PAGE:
FIG. 3 illustrates an embodiment of bird bath 10′ having a pump module 90 which is configured for mounting the in the base 14. The pump module 90 includes a housing 92 defining a water reservoir 16′. The housing 92 is sized so that it can be inserted through the top opening 96 in the base. This is advantageous because it allows the bird bath to be sold with or without the pump, thereby allowing a single bird bath design to be sold in a variety of configurations. For example, a purchaser could initially purchase the base 14 and the basin 12 and later upgrade the bird bath by purchasing the pump module 90.
An integral pump/heater unit 96 is mounted within the housing 92. The pump/heater unit functions in generally the same manner as the separately formed pump 18 and heater 50 in the embodiment of FIG. 1A. It will be appreciated that the unit 96 could also be used in the embodiment of FIG. 1A. It will also be appreciated that the pump module could also incorporate an automatic refill mechanism, as was discussed above in connection with FIG. 2.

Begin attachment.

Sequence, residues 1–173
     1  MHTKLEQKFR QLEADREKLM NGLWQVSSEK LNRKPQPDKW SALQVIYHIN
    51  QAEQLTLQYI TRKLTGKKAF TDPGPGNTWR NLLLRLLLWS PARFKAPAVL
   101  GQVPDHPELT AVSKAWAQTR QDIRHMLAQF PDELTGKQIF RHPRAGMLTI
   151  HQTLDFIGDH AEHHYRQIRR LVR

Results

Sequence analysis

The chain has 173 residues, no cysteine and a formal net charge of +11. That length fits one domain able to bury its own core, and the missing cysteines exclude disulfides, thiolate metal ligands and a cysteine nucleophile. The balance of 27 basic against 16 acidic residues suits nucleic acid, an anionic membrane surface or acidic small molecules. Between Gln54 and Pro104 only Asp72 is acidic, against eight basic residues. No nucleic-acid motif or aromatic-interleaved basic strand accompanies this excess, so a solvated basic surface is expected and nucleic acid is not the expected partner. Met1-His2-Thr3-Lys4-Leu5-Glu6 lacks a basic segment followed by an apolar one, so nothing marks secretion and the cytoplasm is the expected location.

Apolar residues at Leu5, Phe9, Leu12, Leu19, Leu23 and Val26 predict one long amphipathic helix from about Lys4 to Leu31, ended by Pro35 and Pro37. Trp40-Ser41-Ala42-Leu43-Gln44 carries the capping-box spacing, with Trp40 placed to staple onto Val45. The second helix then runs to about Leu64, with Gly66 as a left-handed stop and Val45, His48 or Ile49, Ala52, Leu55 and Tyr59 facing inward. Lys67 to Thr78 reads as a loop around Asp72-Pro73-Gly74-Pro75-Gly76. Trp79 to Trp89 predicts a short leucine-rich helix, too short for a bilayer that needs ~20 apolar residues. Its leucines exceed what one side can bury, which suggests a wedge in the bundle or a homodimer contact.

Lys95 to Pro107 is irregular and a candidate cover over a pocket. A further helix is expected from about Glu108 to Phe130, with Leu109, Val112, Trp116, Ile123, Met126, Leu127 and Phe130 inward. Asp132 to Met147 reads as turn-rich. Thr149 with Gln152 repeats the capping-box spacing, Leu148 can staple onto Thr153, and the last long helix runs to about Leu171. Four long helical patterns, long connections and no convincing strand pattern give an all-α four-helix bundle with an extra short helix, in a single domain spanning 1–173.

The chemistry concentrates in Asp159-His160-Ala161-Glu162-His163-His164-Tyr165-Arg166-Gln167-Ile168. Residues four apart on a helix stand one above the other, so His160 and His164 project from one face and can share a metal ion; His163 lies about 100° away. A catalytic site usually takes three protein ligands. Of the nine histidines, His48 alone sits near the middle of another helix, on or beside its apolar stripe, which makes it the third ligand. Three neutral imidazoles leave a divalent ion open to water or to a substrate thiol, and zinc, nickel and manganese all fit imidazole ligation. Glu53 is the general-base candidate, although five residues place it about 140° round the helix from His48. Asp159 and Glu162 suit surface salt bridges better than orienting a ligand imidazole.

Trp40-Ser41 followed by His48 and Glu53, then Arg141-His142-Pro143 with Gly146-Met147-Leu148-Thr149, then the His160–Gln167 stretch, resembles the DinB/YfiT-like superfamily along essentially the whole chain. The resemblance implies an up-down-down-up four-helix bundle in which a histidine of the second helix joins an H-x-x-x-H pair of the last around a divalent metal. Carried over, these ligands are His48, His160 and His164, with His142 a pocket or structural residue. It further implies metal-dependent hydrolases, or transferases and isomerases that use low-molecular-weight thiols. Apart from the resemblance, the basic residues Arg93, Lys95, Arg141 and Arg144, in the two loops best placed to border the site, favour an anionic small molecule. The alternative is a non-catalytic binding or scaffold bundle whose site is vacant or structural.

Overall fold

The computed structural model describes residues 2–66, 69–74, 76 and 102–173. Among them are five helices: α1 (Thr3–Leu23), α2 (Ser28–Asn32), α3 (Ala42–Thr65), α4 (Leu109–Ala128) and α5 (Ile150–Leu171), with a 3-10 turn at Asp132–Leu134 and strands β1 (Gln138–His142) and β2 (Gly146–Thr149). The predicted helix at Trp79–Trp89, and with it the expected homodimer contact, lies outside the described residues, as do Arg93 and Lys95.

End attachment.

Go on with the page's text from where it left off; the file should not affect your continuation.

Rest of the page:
The outlet 26′ of the pump connected is through a tube 100 to a coupler 102 mounted in the top wall of the housing 92. A second tube 104 extends between the coupler 102 and coupler 106 mounted in the bottom wall of the basin 12. An overflow tube 110 is connectable at its bottom end to a coupler 112 mounted in the bottom of the basin. The other end of the coupler 112 is connectable through a tube 114 to a coupler 116 mounted in the top of the housing 92. The other end of the coupler 116 is connected to a tube 118, which extends downwardly into the housing 92. A power cord 22′ extends from the pump/heater unit and through the sidewall of the housing in a sealed manner. The power cord terminates in male plug, as was described above. The plug can be extended through an opening 120 in the base and plugged into an electrical receptacle for delivering power to the pump/heater 96. The cord can include a control means, such as a photocell, timer or switch, for controlling operation of the pump. As will be appreciated, the power cord may be wired such that the control means only controls operation of the pump. Operation of the heater is preferably regulated by a thermostat formed integrally with the heater.